I got hold of an old Sinclair ZX81 in apparently good and working condition!
ZX81 was the first personal computer I owned. I was 13 years old. At that time, I copied its 8K ROM, byte by byte, into a notebook, and hand-disassembled it (a consequence of which I still suffer from: I still remember some Z80 opcodes), but I never opened it. Finally, now I can do what I missed 🙂
This post shows how it generates TV images and how its Z80 CPU boots. I instrumented it and captured scope and logic analyzer images as it was powering on.
What a beauty!
Actually, this is the US model branded as “Timex”. European models were slightly different.
First, I tried to connect it to our TV in the living room over the VHF channel 2 or 3. It did not work. Perhaps the signal was too weak or the modulator was not working? The TV showed a different kind of noise when the computer was plugged in, so I knew ZX81 did work and generated something on its TV-out.
ZX81 had only one TV-out connector and that’s coming out from a modulator. Modulator embeds (well, modulates) input signal within a specific frequency that corresponds to standard TV channel 2 or 3. The signal coming into the modulator box should be a nice composite-level TV signal.
This simple trick sometimes works: I hooked up a composite cable to the modulator’s input pin and then connected it to my TV composite input. Shout, that did not work either. Perhaps the signal levels are too low or the signal is of poor quality so the TV refuses to sync.
It’s time to bring in heavy guns.
I connected the composite signal to my Rigol scope, turned it on, and captured some signals. They looked quite nice, actually. Rigol can arm the capture at a certain video line. I was not expecting to be using that feature ever, but here it is, and it is very handy!
Here is an image of one video line (forgot which one) captured by the scope:
You can clearly see the horizontal sync signal followed by a color burst data and then a line of the picture – all white, which is “high” level.
Now, if I just had another TV…!
A quick trip to a high-tech Goodwill here in town found me a nice, working, old-style TV for just $7 !!! People are throwing these things out since in the US all over-the-air broadcasts switched from analog to digital. What a steal!
I connected it and without any fuss this time, it worked – there was an image shown nicely on that old TV (through the composite signal):
There on the bottom of a TV screen, you can see ZX81’s legendary [K] prompt!
I wanted to complete that “picture” and capture the actual line containing the [K] prompt. Back to the Rigol scope and selecting one of the lines towards the end of the image:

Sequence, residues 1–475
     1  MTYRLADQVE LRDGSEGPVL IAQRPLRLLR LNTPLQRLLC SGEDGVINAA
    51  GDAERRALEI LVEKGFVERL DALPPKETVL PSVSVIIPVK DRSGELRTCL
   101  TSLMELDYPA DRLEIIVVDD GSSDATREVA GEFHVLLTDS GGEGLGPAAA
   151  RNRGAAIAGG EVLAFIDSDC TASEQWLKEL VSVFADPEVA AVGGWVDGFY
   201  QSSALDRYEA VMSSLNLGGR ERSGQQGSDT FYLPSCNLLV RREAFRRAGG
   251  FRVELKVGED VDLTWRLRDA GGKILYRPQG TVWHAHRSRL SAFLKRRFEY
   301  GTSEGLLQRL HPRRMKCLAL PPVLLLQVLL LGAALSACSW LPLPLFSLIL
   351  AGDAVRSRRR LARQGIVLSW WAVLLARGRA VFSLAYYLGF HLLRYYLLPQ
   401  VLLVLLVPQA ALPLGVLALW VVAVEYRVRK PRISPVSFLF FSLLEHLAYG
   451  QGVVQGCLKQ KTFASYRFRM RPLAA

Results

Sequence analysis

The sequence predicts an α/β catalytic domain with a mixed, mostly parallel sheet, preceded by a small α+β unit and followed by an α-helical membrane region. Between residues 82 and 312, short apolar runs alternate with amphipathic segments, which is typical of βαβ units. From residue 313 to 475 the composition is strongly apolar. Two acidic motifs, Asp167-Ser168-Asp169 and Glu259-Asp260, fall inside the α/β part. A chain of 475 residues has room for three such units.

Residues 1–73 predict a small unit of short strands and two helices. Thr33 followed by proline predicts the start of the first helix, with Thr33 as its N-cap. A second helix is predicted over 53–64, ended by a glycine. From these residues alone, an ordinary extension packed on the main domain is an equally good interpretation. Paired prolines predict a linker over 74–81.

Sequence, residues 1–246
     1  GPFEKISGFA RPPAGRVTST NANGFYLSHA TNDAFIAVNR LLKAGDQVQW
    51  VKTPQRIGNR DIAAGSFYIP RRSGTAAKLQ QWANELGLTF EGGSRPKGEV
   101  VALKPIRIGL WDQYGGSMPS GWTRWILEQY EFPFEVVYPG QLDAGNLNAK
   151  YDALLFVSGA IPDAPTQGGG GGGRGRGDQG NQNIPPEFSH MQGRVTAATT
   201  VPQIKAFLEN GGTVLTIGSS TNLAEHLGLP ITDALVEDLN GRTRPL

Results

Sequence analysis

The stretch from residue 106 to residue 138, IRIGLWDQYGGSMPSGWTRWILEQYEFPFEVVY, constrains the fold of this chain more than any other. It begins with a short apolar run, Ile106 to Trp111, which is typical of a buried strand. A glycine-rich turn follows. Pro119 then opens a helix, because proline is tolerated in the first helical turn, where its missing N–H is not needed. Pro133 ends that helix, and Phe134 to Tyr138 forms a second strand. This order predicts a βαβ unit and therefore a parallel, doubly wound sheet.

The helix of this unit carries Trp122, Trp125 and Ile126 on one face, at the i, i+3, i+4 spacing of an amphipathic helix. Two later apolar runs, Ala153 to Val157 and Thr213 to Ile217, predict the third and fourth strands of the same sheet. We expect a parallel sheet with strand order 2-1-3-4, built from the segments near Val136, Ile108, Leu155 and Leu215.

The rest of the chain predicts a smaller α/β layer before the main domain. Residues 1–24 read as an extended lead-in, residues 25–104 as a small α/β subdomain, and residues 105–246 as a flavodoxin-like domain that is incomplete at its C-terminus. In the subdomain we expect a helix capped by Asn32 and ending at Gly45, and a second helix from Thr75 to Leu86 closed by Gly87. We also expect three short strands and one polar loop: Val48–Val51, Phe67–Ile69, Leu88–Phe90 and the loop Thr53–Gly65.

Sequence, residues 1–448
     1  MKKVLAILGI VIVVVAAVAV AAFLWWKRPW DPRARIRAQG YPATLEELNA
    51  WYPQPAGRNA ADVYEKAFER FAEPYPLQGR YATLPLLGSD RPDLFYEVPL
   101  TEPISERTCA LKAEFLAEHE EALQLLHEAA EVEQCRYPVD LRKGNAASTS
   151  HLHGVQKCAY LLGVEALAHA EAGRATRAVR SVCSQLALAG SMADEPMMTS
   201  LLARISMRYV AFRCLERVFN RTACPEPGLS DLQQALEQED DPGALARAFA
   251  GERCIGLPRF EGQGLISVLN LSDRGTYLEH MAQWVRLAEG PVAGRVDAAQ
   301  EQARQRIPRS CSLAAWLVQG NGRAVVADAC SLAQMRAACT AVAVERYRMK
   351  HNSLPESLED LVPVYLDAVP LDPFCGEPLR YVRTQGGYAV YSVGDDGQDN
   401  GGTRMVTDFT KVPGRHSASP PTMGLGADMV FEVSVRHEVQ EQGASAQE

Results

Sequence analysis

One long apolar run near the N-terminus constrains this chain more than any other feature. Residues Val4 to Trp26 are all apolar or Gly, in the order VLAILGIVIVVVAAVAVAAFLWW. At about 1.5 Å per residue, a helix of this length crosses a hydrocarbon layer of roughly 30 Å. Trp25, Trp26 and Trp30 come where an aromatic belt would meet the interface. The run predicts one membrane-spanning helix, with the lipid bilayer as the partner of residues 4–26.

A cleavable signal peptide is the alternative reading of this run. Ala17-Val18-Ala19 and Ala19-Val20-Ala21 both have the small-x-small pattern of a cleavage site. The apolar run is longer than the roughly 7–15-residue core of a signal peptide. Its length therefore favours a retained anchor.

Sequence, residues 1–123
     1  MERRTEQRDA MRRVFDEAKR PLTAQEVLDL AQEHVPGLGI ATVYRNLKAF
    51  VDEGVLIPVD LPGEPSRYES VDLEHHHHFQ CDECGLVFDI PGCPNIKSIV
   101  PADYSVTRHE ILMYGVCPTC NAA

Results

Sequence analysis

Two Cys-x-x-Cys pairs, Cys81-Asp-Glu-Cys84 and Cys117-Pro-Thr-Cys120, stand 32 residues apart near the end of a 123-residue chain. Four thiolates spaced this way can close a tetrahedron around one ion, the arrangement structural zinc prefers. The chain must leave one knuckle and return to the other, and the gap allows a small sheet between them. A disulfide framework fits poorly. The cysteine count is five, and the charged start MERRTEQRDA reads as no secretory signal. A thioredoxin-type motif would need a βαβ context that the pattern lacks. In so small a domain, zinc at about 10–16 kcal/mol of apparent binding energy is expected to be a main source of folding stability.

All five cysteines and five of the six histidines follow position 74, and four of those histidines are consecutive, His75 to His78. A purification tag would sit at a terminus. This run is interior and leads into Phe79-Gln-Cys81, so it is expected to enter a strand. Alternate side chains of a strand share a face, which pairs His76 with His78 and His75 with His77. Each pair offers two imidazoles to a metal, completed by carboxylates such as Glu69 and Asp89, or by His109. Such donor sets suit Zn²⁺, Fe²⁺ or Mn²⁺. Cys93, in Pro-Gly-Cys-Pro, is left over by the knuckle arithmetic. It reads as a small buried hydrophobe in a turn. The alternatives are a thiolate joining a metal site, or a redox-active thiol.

There is was – a burst of black just as the line starts to unroll.
The next thing I always wanted to see is Z80 CPU booting. Here I need to diverge a bit from this topic and tell you about our high school – a really good vocationally oriented technical school “Rudjer Boskovic” in Zagreb, Croatia. I was on a computer engineering track and we had to actually do something concrete as the final practical work. A few of us got together and made an actual simple Z80-based computer and connect it to a relay. The objective was for it to ring the school bell every period. The tools were primitive and it never really worked, although we would swear that we’ve seen some current passing through it at some point. Perhaps that was the magic smoke going out. We never found out: we did not even have an oscilloscope!
Ever since that time I wanted to see Z80 booting up!
Here comes into play a logic analyzer: with 16 channels and probes that could be easily hooked to large DIP pins of a Z80 in its socket, I selected data bus (D0-D7), read enable, reset pins, and as many address lines as I have probes left.
Finally – here is an image of Z80 pins dancing happily through the power-up sequence:
Since this is so exciting (well, not quite for everyone), let’s dissect what’s going on in more detail.
When Z80 boots, it starts fetching and executing the code at address 0. That address is in ROM. I have the ROM image as a file – you can find all those ROM images out there – and opening it up with my favorite hex editor shows the first few bytes:
The start of ROM contains these bytes: D3, FD, 01, FF, …
If you disassemble them into human-readable language, they represent these instructions:
out (0xFD), a
ld bc, 0x7FFF
Let’s see what Z80 is doing – the next image shows what’s on its pins when it powers up; the red arrow points to a decoded data bus. It is fetching instructions from the start of ROM as expected (hello?):
The software decoder built into the analyzer application shows these bytes: D3, FD, 01, FF, …
Now, that was fun! 🙂